Today, everything has to be patched. From desktop and laptop to server and every operating system in between. With compliance, what we have to pay attention to is what’s actually out there on our network – not just what you wish were there.
Servers (Windows, UNIX and Linux)Even Windows-centric environments have at least a few UNIX or Linux servers that need to be secure and patched. Linux and UNIX servers often fulfill critical functions with few and short maintenance windows. These can be a real pain point for admins who specialize in Windows or are managed by an entirely different admin.
Desktops (Windows and Macs)Maybe you are responsible for desktops instead of servers. Again it’s not just a Windows story any more. More and more people are opting for Macs instead of Windows. Watch the vulnerability lists and you’ll see that Macs need patching too.
The kicker though is the 80/20 rule. If at least 80% of the computers on your network are Windows and the remaining 20% are everything else – it’s a safe bet, given the maturity and ease of WSUS, that 20% of your patching effort goes to Windows but 80% of your effort is consumed with patching all the different flavors of UNIX, Linux and your Mac computers. We need one system to manage all our patches and one pane of glass to prove compliance from data center to desktop.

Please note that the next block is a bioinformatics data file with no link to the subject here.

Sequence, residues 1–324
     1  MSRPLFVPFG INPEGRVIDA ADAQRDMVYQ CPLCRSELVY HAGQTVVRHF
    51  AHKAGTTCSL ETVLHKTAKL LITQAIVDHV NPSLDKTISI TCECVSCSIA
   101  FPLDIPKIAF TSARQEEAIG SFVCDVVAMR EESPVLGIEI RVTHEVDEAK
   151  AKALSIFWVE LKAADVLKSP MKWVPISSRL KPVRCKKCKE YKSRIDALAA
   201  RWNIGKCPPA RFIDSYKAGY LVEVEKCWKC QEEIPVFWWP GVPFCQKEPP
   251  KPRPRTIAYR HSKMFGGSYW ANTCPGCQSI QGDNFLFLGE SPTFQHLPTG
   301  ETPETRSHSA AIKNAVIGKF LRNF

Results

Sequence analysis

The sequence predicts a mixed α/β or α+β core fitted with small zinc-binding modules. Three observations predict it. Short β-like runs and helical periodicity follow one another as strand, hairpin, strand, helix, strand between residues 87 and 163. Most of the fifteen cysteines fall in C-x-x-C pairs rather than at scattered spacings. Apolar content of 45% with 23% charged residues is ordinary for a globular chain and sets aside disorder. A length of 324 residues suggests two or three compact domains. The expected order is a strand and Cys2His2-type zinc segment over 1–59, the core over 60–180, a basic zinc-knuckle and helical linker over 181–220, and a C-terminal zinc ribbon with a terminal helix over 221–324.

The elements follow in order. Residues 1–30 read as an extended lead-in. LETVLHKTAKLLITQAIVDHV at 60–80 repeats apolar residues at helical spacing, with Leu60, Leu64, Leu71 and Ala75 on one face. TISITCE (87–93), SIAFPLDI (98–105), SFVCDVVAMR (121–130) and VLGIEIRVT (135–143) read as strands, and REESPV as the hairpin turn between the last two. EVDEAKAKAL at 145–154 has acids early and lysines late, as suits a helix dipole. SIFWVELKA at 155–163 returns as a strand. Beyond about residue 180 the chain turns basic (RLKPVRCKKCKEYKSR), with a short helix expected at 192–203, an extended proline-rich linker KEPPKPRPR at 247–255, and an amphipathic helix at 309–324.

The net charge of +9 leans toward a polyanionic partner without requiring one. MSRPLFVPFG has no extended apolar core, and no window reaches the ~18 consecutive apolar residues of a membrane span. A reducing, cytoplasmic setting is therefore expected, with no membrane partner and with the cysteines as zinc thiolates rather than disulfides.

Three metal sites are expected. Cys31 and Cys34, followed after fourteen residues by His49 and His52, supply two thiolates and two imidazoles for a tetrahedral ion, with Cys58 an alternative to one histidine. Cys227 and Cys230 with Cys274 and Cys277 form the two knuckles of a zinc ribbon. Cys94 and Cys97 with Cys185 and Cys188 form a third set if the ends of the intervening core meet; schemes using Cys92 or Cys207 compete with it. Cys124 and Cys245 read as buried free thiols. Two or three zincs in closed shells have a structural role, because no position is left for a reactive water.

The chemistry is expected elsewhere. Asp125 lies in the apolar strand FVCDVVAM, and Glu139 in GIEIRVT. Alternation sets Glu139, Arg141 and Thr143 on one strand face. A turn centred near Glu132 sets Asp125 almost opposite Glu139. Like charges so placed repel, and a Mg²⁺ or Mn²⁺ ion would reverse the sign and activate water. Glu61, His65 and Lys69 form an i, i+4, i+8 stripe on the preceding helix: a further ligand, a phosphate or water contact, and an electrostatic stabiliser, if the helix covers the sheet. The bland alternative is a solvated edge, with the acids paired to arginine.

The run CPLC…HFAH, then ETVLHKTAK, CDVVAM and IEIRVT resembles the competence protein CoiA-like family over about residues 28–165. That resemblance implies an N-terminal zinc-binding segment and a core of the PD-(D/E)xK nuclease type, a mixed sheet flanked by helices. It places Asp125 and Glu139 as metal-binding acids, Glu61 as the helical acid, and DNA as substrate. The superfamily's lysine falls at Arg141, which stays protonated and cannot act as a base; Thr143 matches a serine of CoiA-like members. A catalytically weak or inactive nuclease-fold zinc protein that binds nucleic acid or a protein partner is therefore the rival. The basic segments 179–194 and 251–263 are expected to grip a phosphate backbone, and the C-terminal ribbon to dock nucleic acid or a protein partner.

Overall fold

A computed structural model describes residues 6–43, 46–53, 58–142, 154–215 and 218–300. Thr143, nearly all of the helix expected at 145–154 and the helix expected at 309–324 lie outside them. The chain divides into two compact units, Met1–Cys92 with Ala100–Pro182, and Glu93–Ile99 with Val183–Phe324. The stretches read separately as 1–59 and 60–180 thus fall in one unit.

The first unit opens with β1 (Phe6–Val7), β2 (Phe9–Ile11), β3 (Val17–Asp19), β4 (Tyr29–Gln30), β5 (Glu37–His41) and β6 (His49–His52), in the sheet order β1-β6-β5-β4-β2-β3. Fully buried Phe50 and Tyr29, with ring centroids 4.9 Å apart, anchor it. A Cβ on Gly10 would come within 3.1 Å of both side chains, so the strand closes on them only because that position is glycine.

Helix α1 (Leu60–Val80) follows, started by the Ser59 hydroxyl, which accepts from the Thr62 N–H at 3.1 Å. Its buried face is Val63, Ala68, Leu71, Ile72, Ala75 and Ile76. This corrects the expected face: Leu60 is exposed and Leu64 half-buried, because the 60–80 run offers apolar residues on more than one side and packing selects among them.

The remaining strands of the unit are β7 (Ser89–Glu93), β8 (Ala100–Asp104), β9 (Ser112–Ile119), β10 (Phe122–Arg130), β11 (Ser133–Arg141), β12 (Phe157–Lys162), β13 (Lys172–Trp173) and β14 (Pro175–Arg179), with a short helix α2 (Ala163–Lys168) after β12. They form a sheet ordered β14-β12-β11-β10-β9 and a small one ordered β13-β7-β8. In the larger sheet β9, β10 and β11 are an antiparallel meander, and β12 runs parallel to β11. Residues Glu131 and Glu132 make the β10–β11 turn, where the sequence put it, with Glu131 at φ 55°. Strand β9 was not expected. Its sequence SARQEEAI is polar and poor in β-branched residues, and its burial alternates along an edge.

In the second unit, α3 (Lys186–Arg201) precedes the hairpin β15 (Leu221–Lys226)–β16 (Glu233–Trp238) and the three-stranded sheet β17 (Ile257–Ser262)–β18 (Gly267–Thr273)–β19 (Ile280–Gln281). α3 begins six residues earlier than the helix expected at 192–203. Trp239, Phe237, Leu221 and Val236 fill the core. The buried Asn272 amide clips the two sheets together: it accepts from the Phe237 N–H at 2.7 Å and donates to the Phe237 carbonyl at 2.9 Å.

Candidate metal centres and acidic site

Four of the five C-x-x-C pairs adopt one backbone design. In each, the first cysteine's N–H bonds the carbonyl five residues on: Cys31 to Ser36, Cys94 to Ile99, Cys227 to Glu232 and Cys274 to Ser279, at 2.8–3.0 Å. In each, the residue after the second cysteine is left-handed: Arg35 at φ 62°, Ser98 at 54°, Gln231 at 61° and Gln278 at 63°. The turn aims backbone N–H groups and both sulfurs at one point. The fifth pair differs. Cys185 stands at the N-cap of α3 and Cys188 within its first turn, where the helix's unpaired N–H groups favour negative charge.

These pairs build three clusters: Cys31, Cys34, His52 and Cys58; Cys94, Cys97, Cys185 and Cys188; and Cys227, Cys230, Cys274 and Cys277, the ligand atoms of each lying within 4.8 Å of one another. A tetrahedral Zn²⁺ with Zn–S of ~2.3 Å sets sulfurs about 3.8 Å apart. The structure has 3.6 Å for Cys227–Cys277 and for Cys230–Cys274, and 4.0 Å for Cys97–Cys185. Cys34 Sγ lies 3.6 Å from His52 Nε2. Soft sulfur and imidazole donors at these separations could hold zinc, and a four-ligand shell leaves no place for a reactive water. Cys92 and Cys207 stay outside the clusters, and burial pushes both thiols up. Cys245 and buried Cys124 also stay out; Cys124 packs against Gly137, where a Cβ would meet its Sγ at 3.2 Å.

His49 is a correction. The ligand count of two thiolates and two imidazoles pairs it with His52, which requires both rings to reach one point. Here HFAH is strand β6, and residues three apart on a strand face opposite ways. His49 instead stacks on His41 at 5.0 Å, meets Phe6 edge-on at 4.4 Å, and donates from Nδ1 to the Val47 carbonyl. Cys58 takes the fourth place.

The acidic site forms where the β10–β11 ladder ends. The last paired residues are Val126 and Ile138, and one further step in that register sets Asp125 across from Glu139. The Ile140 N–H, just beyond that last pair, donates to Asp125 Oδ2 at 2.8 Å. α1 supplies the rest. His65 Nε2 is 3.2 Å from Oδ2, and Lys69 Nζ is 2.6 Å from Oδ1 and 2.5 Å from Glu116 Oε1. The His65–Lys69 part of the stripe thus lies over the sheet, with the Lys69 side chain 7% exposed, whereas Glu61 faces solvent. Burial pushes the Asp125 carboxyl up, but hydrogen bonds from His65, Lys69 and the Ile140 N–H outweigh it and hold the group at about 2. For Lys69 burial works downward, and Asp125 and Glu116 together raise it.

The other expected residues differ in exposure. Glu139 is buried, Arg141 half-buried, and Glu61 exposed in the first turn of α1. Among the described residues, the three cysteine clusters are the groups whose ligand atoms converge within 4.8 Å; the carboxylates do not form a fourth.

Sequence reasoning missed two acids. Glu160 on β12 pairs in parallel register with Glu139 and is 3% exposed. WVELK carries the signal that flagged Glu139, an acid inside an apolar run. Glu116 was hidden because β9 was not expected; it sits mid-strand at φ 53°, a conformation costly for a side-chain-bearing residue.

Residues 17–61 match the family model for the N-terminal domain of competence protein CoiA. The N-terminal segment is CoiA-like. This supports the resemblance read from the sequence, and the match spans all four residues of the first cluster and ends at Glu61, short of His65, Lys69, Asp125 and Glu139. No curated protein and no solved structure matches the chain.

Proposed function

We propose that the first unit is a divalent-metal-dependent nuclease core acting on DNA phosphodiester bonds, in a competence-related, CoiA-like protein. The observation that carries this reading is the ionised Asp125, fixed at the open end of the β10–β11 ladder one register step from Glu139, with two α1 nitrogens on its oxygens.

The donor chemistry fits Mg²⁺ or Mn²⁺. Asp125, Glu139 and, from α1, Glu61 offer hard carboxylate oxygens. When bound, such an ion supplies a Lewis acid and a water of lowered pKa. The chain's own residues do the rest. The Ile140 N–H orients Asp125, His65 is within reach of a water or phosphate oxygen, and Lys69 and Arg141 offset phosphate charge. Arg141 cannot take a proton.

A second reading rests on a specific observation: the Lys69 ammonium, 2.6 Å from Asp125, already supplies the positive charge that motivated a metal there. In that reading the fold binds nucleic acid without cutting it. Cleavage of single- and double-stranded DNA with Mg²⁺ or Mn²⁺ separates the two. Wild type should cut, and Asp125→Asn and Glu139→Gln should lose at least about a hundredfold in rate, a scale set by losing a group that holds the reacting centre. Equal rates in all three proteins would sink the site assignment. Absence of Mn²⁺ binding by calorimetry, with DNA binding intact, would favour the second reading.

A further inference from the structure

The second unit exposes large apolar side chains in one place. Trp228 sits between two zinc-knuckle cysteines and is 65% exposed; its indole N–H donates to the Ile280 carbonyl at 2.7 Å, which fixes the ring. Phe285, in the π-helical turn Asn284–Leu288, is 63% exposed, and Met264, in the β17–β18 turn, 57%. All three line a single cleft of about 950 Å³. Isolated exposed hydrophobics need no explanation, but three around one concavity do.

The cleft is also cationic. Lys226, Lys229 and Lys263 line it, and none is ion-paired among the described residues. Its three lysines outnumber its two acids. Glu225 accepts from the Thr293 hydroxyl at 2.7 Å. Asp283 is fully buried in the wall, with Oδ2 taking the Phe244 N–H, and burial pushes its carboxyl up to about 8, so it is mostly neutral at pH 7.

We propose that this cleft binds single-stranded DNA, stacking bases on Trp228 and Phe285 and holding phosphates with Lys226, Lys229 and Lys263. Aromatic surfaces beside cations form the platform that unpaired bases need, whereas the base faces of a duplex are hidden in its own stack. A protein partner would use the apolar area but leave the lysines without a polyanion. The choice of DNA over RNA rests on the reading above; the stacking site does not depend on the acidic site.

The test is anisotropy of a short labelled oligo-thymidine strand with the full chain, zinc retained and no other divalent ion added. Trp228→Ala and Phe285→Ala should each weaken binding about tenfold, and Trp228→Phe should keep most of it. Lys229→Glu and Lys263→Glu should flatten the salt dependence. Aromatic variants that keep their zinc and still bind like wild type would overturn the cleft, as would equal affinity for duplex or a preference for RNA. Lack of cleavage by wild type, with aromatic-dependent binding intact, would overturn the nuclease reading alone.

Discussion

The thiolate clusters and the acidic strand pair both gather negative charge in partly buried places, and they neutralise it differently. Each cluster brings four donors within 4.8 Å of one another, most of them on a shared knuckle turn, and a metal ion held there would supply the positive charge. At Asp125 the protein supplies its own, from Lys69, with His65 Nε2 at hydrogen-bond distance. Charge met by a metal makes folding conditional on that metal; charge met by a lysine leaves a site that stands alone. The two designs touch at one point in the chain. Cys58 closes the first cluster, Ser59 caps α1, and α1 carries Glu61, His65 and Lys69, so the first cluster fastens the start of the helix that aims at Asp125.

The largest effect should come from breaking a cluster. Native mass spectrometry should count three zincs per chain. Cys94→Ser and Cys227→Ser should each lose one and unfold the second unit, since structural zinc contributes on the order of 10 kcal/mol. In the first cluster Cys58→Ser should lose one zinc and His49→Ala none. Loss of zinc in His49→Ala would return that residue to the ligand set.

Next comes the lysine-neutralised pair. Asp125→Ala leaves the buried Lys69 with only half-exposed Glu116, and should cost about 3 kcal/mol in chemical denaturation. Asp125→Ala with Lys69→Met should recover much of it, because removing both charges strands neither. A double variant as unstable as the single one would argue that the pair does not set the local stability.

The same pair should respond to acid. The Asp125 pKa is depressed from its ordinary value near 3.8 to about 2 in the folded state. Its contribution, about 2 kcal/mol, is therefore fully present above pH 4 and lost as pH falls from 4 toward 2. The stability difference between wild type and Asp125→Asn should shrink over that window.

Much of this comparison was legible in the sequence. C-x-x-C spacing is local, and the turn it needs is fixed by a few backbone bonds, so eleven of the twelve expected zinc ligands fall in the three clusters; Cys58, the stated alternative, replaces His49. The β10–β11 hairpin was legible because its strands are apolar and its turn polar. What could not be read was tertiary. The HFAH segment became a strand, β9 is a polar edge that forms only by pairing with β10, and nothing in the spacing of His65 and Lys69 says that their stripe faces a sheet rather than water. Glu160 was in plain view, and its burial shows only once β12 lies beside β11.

Believe it or not System Center 2012 R2 provides the infrastructure to do just that – it just needs a little help. Last time we showed you how you can patch 3rd party apps on Windows through System Center Update Manager. This time we’ll show you how you can patch non-Windows systems using the new System Center clients for UNIX, Linux and Mac.